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Gov. Walz calls for full mobilization of the Minnesota National Guard; says many protesters from out of state

Kyle Brown
Updated: May 30, 2020 10:19 AM
Created: May 30, 2020 02:44 AM

UPDATE 9:15 a.m. - Gov. Walz has called for the full mobilization of the Minnesota National Guard. Minneapolis Mayor Frey in a media briefing said that many protesters are from out of state. St. Paul Mayor Carter in the same media briefing said that all protesters arrested Friday night in to Saturday morning are from out of state.

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Minnesota state officials addressed the continued violent protests in Minneapolis early Saturday morning and gave a bleak picture of the resources available to quell the ongoing arson and chaos in response to the killing of George Floyd, a black man, by a white police officer.

Gov. Tim Walz said the state is in the midst of the largest deployment of the Minnesota National Guard in state history. For context, he said the National Guard contingent currently working to get crowds of protesters under control is three times larger than the force deployed in the 1960s during the race riots.

Minnesota National Guard Adjutant Gen. Jon Jensen said the state was prepared to deploy 1,000 civilian soldiers; with even larger crowds expected Saturday afternoon, he estimated the force would likely be around 1,700 soldiers.

On Thursday, 500 National Guard soldiers and airmen were activated, and another 200 were activated Friday night, according to a release from the National Guard.

Officials said they underestimated the number of protesters who would be out.

"I will take responsibility for underestimating the wanton destruction and size of this crowd," Walz said.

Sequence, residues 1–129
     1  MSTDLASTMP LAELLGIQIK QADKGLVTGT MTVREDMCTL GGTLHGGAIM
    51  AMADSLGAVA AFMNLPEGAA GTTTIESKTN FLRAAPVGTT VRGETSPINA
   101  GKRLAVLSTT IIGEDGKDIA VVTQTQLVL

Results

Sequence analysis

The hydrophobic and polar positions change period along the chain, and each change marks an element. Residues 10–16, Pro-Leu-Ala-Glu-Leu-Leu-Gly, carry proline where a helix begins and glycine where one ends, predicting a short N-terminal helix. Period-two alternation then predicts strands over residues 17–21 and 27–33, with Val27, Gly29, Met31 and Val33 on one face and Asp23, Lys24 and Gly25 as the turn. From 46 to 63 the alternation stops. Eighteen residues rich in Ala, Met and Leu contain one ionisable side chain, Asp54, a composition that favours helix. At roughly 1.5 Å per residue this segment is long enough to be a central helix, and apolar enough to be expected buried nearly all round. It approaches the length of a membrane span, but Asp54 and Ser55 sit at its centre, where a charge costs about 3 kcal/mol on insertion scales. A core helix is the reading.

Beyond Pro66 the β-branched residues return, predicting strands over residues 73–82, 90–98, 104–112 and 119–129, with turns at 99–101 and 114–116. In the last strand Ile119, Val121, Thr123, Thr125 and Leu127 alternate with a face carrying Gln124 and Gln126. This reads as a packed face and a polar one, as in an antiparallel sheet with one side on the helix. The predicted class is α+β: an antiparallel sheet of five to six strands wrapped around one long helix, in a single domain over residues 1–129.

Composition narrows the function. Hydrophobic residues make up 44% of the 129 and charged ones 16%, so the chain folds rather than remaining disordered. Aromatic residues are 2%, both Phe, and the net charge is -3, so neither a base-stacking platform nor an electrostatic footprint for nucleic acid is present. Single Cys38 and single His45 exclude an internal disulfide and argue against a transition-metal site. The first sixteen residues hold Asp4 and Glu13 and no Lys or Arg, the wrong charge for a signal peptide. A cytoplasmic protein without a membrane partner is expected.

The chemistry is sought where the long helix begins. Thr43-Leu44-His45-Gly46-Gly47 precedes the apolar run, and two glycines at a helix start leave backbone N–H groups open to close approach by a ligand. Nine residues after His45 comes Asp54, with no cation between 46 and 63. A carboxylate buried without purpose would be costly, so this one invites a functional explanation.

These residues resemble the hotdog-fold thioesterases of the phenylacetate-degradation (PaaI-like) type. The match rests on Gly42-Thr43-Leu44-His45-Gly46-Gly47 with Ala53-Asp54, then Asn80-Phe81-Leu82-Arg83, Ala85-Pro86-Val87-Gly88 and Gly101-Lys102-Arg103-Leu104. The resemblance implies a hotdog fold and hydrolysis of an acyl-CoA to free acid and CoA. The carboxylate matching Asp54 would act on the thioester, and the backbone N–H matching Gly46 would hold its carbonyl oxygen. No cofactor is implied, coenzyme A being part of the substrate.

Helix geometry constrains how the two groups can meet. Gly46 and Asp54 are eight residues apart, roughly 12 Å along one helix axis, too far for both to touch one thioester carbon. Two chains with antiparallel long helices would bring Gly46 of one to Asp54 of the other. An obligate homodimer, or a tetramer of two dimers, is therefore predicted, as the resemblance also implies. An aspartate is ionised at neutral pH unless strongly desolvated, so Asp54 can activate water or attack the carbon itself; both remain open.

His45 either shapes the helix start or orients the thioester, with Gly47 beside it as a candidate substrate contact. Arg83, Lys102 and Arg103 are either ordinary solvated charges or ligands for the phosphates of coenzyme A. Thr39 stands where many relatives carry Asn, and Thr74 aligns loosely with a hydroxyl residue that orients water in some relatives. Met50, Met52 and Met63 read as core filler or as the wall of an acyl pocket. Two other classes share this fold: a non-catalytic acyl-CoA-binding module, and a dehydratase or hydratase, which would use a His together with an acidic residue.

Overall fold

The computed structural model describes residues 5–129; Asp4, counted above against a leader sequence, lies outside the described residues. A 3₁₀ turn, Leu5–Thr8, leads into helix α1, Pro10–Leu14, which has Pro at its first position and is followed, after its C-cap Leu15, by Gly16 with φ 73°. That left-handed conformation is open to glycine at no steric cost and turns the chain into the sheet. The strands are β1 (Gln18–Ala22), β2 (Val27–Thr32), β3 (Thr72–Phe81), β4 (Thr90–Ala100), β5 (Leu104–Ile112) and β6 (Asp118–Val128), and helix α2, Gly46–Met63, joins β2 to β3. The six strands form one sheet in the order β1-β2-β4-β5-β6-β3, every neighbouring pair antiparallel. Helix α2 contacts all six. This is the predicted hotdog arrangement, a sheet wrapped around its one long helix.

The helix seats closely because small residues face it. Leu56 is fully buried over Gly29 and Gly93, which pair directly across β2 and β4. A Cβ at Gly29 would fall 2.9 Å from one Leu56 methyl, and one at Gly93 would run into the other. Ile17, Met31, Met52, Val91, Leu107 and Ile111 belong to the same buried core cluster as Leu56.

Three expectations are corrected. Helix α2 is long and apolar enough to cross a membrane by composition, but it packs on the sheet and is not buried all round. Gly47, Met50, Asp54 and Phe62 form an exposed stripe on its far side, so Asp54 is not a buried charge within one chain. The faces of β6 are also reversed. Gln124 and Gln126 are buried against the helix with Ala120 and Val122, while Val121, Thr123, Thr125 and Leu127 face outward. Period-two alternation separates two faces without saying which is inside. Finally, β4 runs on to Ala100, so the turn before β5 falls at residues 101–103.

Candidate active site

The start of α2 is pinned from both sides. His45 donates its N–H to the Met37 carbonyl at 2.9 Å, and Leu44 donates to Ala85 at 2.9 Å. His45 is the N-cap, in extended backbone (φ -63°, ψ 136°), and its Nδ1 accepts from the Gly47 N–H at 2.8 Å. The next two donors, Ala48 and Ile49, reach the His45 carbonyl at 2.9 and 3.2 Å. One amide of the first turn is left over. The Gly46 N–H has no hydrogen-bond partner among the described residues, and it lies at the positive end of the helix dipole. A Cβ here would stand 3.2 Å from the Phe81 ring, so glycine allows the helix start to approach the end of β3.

Walz said the sheer scope of the chaos in Minneapolis, along with the time it takes to mobilize National Guard forces from across the state and the mobile nature of the crowds made it difficult to direct emergency forces.

"There's simply more of them than us," he said.

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Walz said the activity Friday night and Saturday morning "resembles a military operation with ringleaders moving from place to place."

Department of Public Safety Commissioner John Harrington said groups of protesters were active in several sites throughout the city and that command had to direct forces to priority areas. He named the Minneapolis Police Department's 5th Precinct at Nicollet Avenue and 31st Street as one such example.

"We simply did not have enough officers and personnel to meet all those missions safely and successfully," he said.

Earlier in the night, the federal Department of Defense alerted military police to be ready to deploy to Minnesota within four hours. Walz said he would work with the president to use federal resources if necessary to control what he called an "unprecedented threat to our state."

Walz thanked Minneapolis Mayor Jacob Frey, who also joined the news conference, for his efforts, specifically commending him for "executing together" with St. Paul Mayor Melvin Carter.

Frey took the podium and expressed his sorrow at the state of his city.

"Minneapolis, I know you are reeling," Frey said. "Due to lack of sleep and heartbreak for seeing the events over the last couple of days, I'm reeling, too."

He closed his comments by urging Minneapolitans to stop the destruction and focus their energy toward peaceful demonstrations.

"I know in my heart that we can do it because I know in my heart that Minneapolis is everything we believe it to be," he said.


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